27. 1996 AP Question:
The British novelist Fay Weldon offers this observation about happy endings:
"The wrirers, I do believe,. who get the best and most lasting response from readers are the writers who offer a happy ending through moral development. By a happy ending, I do not me~ mere fortunate events -- a marriage or a last-minute rescue from death -- but some kind of spiritual reassessment or moral reconciliation, even with the self, even at death.
Choose a novel or play that has the kind of ending Weldon describes. In a well-written essay, identify the "spiritual reassessment or moral reconciliation" evident in the ending and explain its significance in the work as a whole. You may select a work from the list below or another novel or play of literary merit.
28. 1997 AP Question: Novels and plays often include scenes of weddings, funerals, parties, and other social occasions. Such scenes may reveal the values of the characters and the society in which they live. Select a novel or play that includes such a scene and, in a focused essay, discuss the contribution the scene makes to the meaning of the work as a whole.
29. 1998 AP Question: In his essay "Walking," Henry David Thoreau offers the following assessment of literature:
In literature it is only the wild that attracts us.
Dullness is but another name for tameness. It is the uncivilized free and wild thinking in Hamlet and The Iliad, in all scriptures and mythologies, not learned in schools, that delights us. c
From the works you have studied in school, choose a novel, play, or epic poem that you may initially have thought was conventional and tame but that you value for its "uncivilized free and wild thinking." Write an essay in which you explain what constitutes its "uncivilized free and wild, thinking" and how that thinking is central to the value of the work as a whole. Support your ideas with specific references to the work you choose.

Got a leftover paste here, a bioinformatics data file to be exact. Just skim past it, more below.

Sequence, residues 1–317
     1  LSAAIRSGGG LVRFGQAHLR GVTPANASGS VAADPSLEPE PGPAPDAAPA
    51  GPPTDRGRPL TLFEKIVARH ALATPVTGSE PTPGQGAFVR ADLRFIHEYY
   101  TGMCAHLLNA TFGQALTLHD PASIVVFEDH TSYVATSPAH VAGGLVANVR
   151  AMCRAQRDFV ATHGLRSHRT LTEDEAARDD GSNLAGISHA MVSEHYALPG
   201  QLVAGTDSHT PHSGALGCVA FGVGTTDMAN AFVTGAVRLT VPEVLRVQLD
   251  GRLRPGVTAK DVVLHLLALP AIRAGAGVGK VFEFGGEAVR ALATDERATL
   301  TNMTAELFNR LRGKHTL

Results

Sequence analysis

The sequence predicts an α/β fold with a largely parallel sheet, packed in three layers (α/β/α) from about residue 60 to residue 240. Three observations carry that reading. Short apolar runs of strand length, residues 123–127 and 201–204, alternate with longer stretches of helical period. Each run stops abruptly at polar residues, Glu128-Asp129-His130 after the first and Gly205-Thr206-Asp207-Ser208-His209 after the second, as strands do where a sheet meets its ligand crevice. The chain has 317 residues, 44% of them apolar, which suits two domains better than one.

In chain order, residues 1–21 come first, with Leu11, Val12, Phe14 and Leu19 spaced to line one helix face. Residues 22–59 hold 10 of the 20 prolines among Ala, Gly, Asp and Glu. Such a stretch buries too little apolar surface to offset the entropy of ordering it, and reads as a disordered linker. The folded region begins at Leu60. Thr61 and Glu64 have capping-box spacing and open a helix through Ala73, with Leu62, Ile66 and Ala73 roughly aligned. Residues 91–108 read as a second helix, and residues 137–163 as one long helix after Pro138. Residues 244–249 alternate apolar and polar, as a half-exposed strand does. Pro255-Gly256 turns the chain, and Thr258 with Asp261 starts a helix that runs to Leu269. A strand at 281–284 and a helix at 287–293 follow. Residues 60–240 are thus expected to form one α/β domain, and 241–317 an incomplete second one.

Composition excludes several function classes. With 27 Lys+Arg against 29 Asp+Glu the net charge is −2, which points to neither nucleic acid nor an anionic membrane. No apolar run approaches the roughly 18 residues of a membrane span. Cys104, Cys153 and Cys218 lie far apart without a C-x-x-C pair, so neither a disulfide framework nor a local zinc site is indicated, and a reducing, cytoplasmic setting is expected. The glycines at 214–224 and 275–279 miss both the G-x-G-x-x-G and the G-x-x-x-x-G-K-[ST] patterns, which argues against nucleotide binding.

30. 1999 AP Question: The eighteenth-century British novelist Laurence Sterne wrote, "No body, but he who has felt it, can conceive what a plaguing thing it is to have a man's mind tom asunder by two projects of equal strength, both obstinately pulling in a contrary direction at the same time."
From a novel or play choose a character (not necessarily the protagonist) whose mind is pulled in conflicting directions by two compelling desires, ambitions, obligations, or influences. Then, in a well-organized essay, identify each of the two conflicting forces and explain how this conflict within one character illuminates the meaning of the work as a whole. You may use one of the novels or plays listed below or another novel or play of similar literary quality.
31. 2000 AP Question: Many works of literature not readily identified with the mystery or detective story genre nonetheless involve the investigation of a mystery. In these works, the solution to the mystery may be less important than the knowledge gained in the process of its investigation. Choose a novel or play in which one or more of the characrers confront a mystery. Then write an essay in which you identify the mystery and explain how the investigation illuminates the meaning of the work as a whole. Do not merely summarize the plot.
32. 2001 AP Question: One definition of madness i, "mental delusion or the eccentric behavior arising from it." But Emily Dickinson wrote
Much madness is divinest SenseTo a discerning Eye-